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Citymedic

[Charlotte] Local EMS web site expose

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Thought some people in the Queen City might find this web site interesting.

It was created by a group of concerned MEDIC employees and addresses some major issues that have been ignored by both administration and the county commission.

It will take a while to read all of the content but is worth while if public safety concerns interest you. Speaking from the inside, with Charlotte becoming a big city with big city problems, I can assure you that on many points our local EMS service (MEDIC) is 10 years behind the times.

--->MEDIC Watchdog

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Interesting, Citymedic.

Do you think the County Commision is aware of all these problems? I remember the series that the Observer did a few years ago about slow response times, and I thought they had gotten that problem resolved...but from this website it appears that might not be the case.

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Problem is, like many public agencies, the people who are reporting to the County Commission on MEDIC's behalf are outright twisting the truth so that on the outside everything looks peachy keen. Since those same administrators are making huge profits, what incentive is there to seek change? If you read from the web site, MEDIC uses what is called System Status Management as the primary deployment scheme for ambulance coverage. Several years ago, MEDIC hired a million dollar consultant to tell us how we should run our system. Here is how it works:

A computer program in C-MED (Central Dispatch), PREDICTS the general area of the county where it believes the next EMS call will be based on a mere two months of historical data. The dispatcher then must fill that area with an ambulance so that they are compliant with the computer's prediction. Since the model is ever-changing, if the computer then changes its mind and "thinks" a call will come from another part of town, we have to get back in our ambulance and drive to that area for coverage.

Now anyone with the least bit of business savvy will immediately recognize this system as a glorified cost-cutting maneuver. Unlike the fire department who has a permanent station that covers an area 24 hours a day, MEDIC uses the bare minimum amount of ambulances (at times only 5 for the whole county) and runs us around constantly based on a computer's prediction, meaning we have no time to rest and no place to call "home". Obviously, the very idea a computer can tell where and when someone will call an ambulance is absolutely ludicrous. Anecdotal evidence:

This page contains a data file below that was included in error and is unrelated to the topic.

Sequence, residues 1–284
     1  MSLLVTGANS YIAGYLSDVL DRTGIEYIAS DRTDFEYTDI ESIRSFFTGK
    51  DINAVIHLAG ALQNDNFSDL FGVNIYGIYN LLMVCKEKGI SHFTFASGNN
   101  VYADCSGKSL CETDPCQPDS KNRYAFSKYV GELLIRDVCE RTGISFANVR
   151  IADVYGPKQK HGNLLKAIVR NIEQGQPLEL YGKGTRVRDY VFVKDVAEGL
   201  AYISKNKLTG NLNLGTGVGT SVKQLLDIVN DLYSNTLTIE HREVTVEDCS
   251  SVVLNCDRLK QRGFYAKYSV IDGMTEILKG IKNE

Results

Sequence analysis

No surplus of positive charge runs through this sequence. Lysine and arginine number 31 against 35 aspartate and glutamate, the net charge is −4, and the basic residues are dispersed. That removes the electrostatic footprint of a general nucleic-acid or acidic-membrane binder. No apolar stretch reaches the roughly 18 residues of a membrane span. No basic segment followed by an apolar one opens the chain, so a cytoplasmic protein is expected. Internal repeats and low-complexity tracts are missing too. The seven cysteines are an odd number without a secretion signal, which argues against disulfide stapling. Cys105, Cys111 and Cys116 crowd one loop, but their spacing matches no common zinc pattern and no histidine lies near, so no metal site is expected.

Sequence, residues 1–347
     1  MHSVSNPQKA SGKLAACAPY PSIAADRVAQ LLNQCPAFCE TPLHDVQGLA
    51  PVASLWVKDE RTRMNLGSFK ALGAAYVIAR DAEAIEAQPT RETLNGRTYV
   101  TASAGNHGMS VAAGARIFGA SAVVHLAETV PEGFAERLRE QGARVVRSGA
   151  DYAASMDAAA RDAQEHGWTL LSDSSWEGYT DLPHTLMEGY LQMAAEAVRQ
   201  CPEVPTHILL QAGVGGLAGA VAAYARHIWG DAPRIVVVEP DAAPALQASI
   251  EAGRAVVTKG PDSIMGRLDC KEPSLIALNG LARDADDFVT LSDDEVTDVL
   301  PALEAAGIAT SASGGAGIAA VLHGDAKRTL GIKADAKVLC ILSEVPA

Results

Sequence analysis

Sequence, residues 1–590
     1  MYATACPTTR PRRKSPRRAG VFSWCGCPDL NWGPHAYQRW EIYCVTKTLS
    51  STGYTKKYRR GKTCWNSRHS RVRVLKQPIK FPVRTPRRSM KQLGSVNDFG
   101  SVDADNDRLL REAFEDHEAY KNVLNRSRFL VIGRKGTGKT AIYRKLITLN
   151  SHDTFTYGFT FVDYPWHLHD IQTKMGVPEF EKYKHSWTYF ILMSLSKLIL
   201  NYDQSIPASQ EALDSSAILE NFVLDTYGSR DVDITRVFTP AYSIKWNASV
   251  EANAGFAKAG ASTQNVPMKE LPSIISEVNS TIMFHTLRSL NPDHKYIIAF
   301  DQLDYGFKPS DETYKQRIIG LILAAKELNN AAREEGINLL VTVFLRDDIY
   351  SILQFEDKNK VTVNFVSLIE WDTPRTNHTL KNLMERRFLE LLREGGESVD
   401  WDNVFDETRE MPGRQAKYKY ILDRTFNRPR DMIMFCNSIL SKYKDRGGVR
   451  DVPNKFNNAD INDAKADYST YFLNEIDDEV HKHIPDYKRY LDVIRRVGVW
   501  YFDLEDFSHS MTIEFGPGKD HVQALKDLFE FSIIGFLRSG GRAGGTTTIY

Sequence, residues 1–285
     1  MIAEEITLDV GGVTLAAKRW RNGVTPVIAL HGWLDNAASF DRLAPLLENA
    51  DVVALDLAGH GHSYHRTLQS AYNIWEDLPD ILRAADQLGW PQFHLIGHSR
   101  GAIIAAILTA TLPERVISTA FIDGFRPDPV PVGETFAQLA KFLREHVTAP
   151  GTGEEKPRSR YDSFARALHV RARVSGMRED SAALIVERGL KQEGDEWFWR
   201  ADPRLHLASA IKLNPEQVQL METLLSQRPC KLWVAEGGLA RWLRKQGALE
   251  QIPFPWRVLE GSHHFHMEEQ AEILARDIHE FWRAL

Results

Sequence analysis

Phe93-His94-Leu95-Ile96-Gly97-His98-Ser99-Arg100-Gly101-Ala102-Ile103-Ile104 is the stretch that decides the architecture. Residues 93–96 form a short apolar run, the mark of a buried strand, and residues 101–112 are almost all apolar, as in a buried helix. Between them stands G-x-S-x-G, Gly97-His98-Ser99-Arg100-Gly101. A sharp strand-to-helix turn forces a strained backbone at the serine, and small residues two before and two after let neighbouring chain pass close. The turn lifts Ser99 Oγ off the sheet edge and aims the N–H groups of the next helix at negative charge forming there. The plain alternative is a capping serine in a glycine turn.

A MEDIC unit is sent to the Northern part of the county for coverage. Moments later, a call goes out closer to the center city. The unit in the northern part of the county must then leave that post and travel down into the central part of the county since there is no longer coverage for that area (remember bare bones here). Just as the MEDIC ambulance pulls into the new post, a cardiac arrest call is dispatched for, you guessed it, the northern part of the county. Now that patient has to wait much longer for an ambulance for a life threatening situation. Meanwhile, downtown is saturated with ambulances because the computer model "knows" that there is a high probability for a call in that area. Why? Because around uptown we respond to a lot of low-priority sick calls where people are just too damned lazy to take themselves to the hospital.

It is because of these miserly tactics that employee morale has plummeted. Ask yourself, would you want a burned-out medic at your side during an emergency?

In response to MEDIC resolving the response times issue I will only say there are a lot of shady tactics going on at MEDIC to manipulate times and numbers so that it appears the system is working. Don't believe the spin doctors.

I know that was long-winded but I hope it puts perspective on things. :rolleyes:

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